What’s Normal and What’s Not with Your Cat’s Eye Discharge
When you own a cat, it is important that you try to keep your pet as healthy as possible. To do so, you need a good understanding of your cat’s anatomy and to know what is normal and what is not for your cat. You should observe your cat for any changes as this is sometimes an indicator that your cat is suffering from a health condition. While some of these are a cause for concern, others are nothing to worry about. One potential problem you may notice is discharge from your cat’s eyes. Here is an overview of when this is normal and when it is a cause for concern.
Some cat breeds are more prone to eye conditions than others. This is often due to the shape of their face and eyes. Some breeds that are more susceptible to eye discharge include Persians and Himalayans. This is a problem that affects many cat breeds that have a short nose and large eyes. If your cat fits into this category, then a small amount of discharge is usually not a concern. However, you should not assume that all discharge is because of their breed as there is still a potential problem. If there is more eye discharge than usual, you should seek the advice of a vet who will tell you if your cat needs treatment to tackle the problem.
Small Amounts of Discharge
In most cases, a small amount of discharge is not a cause for concern. Although a healthy eye should not have any discharge, there are occasions when your cat may get a small amount of clear discharge. This usually dries on the eyelids and looks light brown and crusty. This is not usually a cause for alarm and is generally caused by a small amount of dirt entering the eye and the body reacting to get rid of the tiny foreign object. If the problem doesn’t persist, then there is no need for a trip to the vets.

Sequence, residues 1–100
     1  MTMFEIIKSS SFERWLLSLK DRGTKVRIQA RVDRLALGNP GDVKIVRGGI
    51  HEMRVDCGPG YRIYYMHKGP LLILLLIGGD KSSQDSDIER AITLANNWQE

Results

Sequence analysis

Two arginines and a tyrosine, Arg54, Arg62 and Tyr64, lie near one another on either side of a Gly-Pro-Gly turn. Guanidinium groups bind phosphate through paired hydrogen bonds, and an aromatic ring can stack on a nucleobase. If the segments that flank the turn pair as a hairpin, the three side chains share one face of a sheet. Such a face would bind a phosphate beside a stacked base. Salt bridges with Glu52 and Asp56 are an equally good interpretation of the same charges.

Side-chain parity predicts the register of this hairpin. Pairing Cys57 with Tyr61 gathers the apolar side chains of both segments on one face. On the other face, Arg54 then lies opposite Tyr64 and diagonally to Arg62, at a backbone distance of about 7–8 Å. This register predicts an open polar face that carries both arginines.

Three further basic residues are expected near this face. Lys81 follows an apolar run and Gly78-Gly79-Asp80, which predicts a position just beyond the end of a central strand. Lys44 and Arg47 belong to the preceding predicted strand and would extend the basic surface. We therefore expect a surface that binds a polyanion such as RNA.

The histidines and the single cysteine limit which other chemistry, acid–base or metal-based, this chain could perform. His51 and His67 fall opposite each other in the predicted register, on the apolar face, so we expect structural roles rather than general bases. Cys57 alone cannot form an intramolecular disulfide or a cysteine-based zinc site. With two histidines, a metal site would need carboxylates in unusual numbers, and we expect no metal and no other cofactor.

Possible Causes of Discharge
There are many things that can cause your cat to suffer from eye discharge. Dirt and bacteria entering the eye can lead to an infection called conjunctivitis and the main symptom of this eye discharge. Entropion is another possible cause of discharge from your cat’s eyes. This is an eyelid that rolls inwards and causes the hairs on the skin to irritate their eye, leading to discharge. A further possible cause is a corneal ulcer. This is when an open sore develops on the cornea of your cat’s eye. It is always important to seek the advice of your vet to determine the cause of your cat’s eye discharge.
When a Discharge is a Cause for Concern
There are some occasions when eye discharge is a cause for concern, and you should take your cat to see the vet. Look at the discharge from your cat’s eyes. If it is yellow or green, this is not normal and they need to see the vet. You should also watch for your cat rubbing or scratching at its eyes or the eyes becoming red. These are both indicators that your cat has a more serious problem. If you notice any of these signs, take your cat to the vet for an examination.
Keeping Your Cat’s Eyes Clean
One of the best ways to avoid your cat experiencing eye problems is to keep their eyes clean. This reduces the likelihood of dirt or bacteria entering the eye. This is especially important if you see discharge beginning to develop. You can clean their eyes using s soft, damp cloth. Just wipe across their eyes from the outer edge in towards their nose to remove any discharge or wateriness. You can also buy products to do this from the veterinarian or from a pet products supply store. However, you should avoid any products that contain alcohol.
Overall, cat eye discharge is often nothing to worry about and some cat breeds are prone to getting a little discharge occasionally. However, it can also be a sign of a problem with your cat’s eyes. If the discharge is yellow or green or the eyes become red and irritated, always get your cat checked over by the vet.